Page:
Eyeballing Normal

Lab 2H

Directions: Follow along with the slides and answer the questions in red font in your journal.

What's normal?

  • The normal distribution is a curve we often see in real data.
    • We see it in people's blood pressures and in measurement errors.
  • When data appears to be normally distributed, we can use the normal model to:
    • Simulate normally distributed data.
    • Easily compute probabilities.
  • In this lab, we'll look at some previous data sets to see if we can find data that are roughly normally distributed.

The normal distribution

  • The normal distribution is symmetric about the mean:
    • The mean is found in the very center of the distribution.
    • And the curve looks the same to the left of the mean as it does on the right.
  • Use the following to draw a normal distribution:
plotDist('norm', mean = 0, sd = 1)

The mean and sd of it

  • To draw a normal curve, we need to know exactly 2 things:
    • The mean and sd.
  • The sd, or standard deviation, is a measure of spread that's similar to the MAD.
  • Which part of the normal curve changes when the value of the mean changes?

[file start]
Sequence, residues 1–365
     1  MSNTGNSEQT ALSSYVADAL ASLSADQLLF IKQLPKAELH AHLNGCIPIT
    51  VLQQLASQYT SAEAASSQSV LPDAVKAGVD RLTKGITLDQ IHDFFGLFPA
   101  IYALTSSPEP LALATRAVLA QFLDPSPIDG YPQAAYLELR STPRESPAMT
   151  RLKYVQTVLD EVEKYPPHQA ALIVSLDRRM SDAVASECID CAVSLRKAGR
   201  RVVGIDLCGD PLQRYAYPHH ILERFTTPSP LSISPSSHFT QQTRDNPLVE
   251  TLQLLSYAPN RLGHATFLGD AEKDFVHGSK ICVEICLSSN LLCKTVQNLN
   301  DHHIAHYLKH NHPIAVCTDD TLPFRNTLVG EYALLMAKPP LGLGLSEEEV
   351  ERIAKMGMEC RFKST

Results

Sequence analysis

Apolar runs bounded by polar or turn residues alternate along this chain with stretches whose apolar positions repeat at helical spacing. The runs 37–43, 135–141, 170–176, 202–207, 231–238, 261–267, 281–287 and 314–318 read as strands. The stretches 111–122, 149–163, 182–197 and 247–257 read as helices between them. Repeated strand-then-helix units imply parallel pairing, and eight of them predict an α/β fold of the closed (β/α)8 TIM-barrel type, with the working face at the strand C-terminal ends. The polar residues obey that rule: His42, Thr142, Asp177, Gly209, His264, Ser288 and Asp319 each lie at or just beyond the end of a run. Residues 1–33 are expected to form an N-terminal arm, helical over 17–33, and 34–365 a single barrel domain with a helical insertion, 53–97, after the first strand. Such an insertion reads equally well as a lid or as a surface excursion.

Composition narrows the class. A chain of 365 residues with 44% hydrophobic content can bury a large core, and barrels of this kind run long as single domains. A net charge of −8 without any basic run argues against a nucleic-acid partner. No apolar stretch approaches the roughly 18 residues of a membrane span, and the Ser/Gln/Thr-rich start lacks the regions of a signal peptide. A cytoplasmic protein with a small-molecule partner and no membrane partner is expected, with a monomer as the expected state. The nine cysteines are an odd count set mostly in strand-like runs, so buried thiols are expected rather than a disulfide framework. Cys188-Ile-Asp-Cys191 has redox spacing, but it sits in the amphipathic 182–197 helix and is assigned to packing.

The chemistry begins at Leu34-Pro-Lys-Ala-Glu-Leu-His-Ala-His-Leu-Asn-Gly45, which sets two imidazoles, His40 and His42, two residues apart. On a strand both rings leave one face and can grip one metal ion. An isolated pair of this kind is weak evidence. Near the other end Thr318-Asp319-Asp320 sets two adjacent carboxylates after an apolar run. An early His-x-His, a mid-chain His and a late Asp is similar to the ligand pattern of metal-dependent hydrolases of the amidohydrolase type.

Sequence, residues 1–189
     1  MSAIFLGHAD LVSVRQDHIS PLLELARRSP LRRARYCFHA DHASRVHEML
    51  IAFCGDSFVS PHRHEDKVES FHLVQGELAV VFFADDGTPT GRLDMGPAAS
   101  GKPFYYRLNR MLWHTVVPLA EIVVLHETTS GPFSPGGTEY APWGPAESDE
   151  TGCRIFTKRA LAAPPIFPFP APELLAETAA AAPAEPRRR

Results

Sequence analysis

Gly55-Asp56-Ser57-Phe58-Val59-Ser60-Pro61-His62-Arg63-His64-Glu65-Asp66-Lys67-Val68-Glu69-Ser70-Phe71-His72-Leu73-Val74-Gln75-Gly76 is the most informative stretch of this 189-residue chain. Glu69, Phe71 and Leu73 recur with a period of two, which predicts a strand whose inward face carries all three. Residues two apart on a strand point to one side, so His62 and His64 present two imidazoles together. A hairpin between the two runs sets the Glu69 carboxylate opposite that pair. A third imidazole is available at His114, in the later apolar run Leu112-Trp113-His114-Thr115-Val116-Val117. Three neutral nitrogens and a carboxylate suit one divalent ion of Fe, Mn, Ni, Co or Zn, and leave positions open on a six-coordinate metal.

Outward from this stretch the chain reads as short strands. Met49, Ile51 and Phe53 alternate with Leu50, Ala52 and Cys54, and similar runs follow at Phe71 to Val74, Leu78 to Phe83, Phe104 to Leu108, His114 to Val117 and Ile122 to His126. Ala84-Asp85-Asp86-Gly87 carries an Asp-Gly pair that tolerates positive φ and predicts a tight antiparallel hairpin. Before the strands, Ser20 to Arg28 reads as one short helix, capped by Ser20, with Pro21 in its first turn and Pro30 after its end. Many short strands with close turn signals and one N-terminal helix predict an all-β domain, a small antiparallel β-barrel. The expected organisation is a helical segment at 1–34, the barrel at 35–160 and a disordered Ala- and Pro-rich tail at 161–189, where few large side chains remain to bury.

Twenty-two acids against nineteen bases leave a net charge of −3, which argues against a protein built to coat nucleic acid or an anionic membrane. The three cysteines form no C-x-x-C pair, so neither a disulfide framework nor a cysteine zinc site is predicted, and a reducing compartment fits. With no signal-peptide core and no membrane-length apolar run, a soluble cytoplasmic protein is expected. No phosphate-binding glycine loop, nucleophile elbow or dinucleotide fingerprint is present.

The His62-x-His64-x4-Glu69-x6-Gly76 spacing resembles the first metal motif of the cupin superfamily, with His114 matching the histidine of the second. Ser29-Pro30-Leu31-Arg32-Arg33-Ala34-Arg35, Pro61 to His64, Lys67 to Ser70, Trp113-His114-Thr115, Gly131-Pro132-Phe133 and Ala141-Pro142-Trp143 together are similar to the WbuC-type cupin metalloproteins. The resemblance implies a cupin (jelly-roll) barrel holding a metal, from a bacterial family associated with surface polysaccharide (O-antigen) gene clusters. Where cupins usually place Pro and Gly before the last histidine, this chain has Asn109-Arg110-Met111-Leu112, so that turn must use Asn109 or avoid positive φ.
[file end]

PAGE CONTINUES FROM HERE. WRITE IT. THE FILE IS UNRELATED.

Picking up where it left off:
• Which part of the normal curve changes when the value of the sd changes?
  • Hint: Try changing the mean and sd values in the plotDist function.

Finding normal distributions

  • Load the cdc data and use the histogram function to answer the following:
  • Based on what you know about these variables, which of the variables do you think have distributions that will look like the normal distribution?
    • Make histograms of these variables. Which ones look like the normal distribution?
    • Hint: To help answer this question, try including the option fit = "normal" in the histogram function. You might also try faceting by gender.

Using normal models

  • Data scientists like using normal models because it often resembles real data.
    • But not EVERYTHING is normally distributed.
  • As a data scientist in training, you must decide when a normal model seems appropriate.
    • No model is ever perfect 100% of the time.
    • If you choose a model, you should be able to justify why you chose it.

On your own

  • For each of the following, determine which, if any, appear to be normally distributed. Explain your reasoning:
    • The weight of people in our cdc data, faceted by gender.
    • The difference in mean weights between Males and Females for 500 random shuffles.
    • The difference in median weights between Males and Females for 500 random shuffles.